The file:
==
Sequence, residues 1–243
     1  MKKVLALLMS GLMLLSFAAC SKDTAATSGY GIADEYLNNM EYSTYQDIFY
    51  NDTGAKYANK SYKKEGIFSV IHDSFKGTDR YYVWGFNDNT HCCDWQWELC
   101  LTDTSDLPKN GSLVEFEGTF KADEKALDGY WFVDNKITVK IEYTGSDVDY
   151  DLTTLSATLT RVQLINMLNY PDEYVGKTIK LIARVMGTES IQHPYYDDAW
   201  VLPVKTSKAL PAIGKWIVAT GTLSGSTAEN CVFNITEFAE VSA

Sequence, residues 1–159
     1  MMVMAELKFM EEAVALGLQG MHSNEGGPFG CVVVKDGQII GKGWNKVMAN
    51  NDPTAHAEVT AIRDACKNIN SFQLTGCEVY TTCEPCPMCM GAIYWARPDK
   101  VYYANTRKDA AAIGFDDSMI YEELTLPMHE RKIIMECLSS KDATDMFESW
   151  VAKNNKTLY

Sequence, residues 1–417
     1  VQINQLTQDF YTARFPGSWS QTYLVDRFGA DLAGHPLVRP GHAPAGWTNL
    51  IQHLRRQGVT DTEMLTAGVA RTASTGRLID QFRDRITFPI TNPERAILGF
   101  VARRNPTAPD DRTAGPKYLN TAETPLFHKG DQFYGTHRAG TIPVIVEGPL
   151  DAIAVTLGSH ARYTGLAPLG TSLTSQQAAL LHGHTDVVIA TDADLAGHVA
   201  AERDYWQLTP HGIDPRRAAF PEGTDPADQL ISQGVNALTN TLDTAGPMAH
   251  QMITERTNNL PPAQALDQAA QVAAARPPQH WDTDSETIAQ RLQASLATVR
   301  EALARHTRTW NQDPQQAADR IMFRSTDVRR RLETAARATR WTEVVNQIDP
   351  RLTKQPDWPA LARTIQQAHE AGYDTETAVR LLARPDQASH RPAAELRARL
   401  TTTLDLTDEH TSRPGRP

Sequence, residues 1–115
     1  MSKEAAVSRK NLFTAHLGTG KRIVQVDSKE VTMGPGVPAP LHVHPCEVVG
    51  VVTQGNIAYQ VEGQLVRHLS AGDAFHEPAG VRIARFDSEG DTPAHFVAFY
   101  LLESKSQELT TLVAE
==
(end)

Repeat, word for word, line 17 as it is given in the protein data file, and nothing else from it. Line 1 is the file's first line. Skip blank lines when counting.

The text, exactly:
   201  AERDYWQLTP HGIDPRRAAF PEGTDPADQL ISQGVNALTN TLDTAGPMAH